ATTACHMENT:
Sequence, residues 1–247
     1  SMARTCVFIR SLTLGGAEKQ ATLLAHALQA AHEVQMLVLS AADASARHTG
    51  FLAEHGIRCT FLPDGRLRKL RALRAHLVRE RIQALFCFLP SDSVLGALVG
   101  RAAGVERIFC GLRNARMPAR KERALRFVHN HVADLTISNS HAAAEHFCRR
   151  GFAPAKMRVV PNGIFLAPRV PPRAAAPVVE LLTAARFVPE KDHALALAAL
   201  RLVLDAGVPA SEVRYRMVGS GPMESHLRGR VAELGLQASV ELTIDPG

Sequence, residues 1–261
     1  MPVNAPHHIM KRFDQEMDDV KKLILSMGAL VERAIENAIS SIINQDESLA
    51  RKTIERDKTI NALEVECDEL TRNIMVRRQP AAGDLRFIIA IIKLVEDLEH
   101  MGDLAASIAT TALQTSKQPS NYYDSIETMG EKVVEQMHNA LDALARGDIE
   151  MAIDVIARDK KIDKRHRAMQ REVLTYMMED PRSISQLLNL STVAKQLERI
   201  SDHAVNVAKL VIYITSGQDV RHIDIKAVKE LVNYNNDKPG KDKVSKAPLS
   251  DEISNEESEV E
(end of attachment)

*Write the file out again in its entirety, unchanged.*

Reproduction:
Sequence, residues 1–247
     1  SMARTCVFIR SLTLGGAEKQ ATLLAHALQA AHEVQMLVLS AADASARHTG
    51  FLAEHGIRCT FLPDGRLRKL RALRAHLVRE RIQALFCFLP SDSVLGALVG
   101  RAAGVERIFC GLRNARMPAR KERALRFVHN HVADLTISNS HAAAEHFCRR
   151  GFAPAKMRVV PNGIFLAPRV PPRAAAPVVE LLTAARFVPE KDHALALAAL
   201  RLVLDAGVPA SEVRYRMVGS GPMESHLRGR VAELGLQASV ELTIDPG

Sequence, residues 1–261
     1  MPVNAPHHIM KRFDQEMDDV KKLILSMGAL VERAIENAIS SIINQDESLA
    51  RKTIERDKTI NALEVECDEL TRNIMVRRQP AAGDLRFIIA IIKLVEDLEH
   101  MGDLAASIAT TALQTSKQPS NYYDSIETMG EKVVEQMHNA LDALARGDIE
   151  MAIDVIARDK KIDKRHRAMQ REVLTYMMED PRSISQLLNL STVAKQLERI
   201  SDHAVNVAKL VIYITSGQDV RHIDIKAVKE LVNYNNDKPG KDKVSKAPLS
   251  DEISNEESEV E